First Brosis Farm Update
Miss the original story about launching a farm at the Brosis School? Read it here.
I've been really happy seeing some of the status updates from the headmaster of Brosis, Abel Siro, about the progress they've been making with the farm. Harvesting tomatoes and wheat in order to help feed the students, this was the plan all along.
I wanted to share that good news with you and also make a point about the sustainability aspect of this project.
I can't tell you how challenging managing the farm has been. The land is not sloped, so water stagnates and causes damage to crops. Tedious manual labor to dig trenches to funnel the water has been performed voluntarily, almost entirely by one of the student's parents, as well as by Abel.
Sustainability is always my central focus. For this reason, it's so important to have local ownership of your project, otherwise it can be treated as a handout and fizzle out. If we didn't have local ownership of the farm project, all this volunteer labor would not have been put into it, nor would have extra crops been bought to replace those that were lost during flooding.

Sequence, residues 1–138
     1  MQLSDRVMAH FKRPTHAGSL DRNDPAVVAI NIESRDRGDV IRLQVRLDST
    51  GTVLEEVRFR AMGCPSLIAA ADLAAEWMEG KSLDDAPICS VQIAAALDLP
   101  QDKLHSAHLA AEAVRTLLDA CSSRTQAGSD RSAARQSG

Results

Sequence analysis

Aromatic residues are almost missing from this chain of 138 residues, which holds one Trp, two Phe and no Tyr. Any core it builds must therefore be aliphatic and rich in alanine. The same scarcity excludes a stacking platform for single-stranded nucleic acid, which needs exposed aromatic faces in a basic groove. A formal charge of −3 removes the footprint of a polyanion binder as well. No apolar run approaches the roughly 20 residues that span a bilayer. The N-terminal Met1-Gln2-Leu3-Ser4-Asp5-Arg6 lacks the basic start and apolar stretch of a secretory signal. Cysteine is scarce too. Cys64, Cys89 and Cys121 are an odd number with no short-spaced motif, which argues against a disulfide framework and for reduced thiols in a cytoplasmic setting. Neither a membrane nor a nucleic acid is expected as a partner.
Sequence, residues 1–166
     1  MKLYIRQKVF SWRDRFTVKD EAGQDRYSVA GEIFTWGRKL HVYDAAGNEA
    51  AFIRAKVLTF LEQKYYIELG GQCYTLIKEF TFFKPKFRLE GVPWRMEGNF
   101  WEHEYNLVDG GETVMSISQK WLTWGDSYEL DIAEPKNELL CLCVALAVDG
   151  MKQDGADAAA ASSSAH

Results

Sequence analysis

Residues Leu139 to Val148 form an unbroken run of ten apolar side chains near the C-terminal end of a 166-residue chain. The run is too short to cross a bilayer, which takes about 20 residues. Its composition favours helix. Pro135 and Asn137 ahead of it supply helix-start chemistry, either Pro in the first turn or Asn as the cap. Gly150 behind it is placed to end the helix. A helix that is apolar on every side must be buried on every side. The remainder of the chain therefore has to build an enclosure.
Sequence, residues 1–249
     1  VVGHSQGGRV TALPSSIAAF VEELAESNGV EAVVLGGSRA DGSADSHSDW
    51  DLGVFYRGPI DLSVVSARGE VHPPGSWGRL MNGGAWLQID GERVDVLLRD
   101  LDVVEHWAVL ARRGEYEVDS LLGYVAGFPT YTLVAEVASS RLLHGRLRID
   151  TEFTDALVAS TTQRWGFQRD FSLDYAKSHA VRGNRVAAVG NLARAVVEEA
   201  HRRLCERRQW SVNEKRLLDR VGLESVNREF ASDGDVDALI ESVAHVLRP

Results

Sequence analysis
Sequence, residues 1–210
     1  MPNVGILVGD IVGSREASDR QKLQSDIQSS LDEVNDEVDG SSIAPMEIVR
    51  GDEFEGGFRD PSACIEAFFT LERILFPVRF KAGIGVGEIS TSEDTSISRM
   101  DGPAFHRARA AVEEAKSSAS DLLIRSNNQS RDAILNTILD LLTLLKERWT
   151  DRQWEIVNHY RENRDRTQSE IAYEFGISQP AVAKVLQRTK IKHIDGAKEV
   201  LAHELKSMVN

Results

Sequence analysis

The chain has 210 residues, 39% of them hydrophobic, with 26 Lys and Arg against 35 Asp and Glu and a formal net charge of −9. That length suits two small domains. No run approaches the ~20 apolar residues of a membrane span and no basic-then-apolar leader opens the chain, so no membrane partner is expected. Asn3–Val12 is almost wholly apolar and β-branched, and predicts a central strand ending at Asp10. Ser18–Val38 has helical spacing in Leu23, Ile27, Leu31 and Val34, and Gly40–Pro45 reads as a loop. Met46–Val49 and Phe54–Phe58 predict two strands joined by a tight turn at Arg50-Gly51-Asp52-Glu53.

And the way to this kind of ownership is through the heart. With love. Through friendship.
In that respect, I was very fortunate meeting Abel. He has a heart of gold. His service to these children and his community is a universal lesson in heartfelt sacrifice and generosity.
For these reasons and more, we become very good friends, especially during my weekly visits to his home on Sunday for dinner. This friendship was at the center of everything we worked on at Brosis and key for those projects continuing to take flight after my departure from Nairobi.
Continue to the next update about the Brosis farm.